Last week, I talked about Social Media tools that are essentials for indie fashion PR that I use to keep my projects, brands and designs out there in the social media space. Although I called this my Elite 8, it is in no way an inclusive list, and I am always looking to at least try additional networks that may make my work easier by consolidating my efforts or simply finding something that has better tools.
Another key component of online PR for me is to take stock of my sites to ensure that my main site(s) are always talking back to one another. I have a resort-inspired jewelry line that features lariat necklaces that are made to be worn when running errands, hanging out with the girls and a night on the townCurrently, I have two sites that I consider my primary, Kitten Couture (jewelry) and Sikara Designs Group (Social Media firm).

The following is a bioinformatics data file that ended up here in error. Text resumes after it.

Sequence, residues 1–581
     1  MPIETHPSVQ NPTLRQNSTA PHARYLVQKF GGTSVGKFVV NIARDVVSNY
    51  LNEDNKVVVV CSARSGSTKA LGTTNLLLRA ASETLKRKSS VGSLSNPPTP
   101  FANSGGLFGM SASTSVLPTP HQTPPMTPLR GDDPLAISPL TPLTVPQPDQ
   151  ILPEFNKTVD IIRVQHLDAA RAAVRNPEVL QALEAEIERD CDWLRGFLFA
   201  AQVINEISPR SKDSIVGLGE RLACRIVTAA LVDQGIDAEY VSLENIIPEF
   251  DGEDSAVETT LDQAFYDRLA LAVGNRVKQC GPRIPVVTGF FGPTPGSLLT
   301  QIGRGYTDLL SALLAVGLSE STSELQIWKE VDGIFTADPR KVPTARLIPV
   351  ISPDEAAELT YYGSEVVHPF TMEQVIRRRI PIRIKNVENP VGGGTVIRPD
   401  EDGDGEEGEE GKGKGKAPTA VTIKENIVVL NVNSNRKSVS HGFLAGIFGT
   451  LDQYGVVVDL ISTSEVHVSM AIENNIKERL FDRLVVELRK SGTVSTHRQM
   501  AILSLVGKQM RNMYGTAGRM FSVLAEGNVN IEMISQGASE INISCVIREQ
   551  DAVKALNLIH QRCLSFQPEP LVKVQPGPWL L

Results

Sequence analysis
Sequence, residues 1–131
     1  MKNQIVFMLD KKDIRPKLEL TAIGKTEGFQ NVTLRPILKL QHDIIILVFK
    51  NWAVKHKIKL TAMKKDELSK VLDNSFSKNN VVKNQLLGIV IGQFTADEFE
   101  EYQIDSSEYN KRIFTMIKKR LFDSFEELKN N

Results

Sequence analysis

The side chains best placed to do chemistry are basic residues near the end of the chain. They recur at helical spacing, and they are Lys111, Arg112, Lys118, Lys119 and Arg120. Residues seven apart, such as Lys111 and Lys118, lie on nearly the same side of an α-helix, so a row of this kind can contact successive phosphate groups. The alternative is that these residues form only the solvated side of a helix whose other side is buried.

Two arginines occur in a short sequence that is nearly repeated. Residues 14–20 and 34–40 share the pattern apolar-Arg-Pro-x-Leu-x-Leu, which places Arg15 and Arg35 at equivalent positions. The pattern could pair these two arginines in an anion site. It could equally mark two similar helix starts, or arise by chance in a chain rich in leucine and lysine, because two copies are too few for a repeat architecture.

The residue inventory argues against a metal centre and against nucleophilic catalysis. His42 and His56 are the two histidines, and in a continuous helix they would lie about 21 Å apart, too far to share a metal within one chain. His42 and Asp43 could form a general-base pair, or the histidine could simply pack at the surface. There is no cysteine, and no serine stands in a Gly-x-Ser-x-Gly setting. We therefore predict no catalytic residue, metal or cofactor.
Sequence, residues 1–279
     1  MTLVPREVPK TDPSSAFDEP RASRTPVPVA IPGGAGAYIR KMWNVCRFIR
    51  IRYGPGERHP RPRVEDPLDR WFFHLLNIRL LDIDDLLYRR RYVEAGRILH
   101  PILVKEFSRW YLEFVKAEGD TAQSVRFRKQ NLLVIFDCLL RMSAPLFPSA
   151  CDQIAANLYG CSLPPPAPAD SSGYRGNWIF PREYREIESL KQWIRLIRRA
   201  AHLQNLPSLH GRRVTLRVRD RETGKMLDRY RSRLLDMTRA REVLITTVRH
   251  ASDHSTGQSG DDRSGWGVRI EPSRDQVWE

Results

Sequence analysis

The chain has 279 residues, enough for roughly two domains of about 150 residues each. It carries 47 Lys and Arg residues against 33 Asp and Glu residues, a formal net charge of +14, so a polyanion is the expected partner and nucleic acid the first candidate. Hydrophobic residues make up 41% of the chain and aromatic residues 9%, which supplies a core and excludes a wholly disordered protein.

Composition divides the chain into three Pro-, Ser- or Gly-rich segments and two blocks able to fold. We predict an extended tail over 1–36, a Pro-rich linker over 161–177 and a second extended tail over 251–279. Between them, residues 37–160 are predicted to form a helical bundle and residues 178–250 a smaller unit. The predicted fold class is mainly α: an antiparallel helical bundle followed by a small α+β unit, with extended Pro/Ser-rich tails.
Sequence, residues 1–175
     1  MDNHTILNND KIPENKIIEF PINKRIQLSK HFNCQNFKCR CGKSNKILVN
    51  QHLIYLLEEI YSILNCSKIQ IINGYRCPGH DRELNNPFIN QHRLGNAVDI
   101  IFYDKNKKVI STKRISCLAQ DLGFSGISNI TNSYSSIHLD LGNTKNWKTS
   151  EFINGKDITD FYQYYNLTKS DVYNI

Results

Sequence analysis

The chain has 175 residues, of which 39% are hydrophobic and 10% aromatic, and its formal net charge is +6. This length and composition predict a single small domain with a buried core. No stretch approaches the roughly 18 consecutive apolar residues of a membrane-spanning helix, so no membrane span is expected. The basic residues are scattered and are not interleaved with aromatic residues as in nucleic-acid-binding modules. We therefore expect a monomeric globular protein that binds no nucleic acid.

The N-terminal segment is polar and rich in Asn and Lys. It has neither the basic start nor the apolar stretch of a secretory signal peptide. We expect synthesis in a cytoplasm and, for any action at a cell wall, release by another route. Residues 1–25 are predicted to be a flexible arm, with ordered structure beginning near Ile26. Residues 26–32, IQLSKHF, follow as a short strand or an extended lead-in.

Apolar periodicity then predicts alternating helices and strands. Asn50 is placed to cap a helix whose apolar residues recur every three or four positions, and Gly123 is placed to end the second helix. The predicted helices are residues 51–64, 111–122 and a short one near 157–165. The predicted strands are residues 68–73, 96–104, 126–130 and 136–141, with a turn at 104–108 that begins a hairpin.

What does this mean? Well, when you are using Social Media or online fashion PR tools, you have stepped outside of being just a designer and are truly a power team. Whether you intend to do this long term or are looking for a showroom or firm to pick you up, you always have to think about your presentation, making sure that your online presence and branding links up and that there are no dead ends. Last week’s tools work much better when your main site is fully functional and supports your Social Media efforts. If you are new to he social media space, you may want to decide that by the end of the year you will begin to check out various Social Media tools and you will update the content on your web site to act as a central hub to link out to all those external profiles and activity.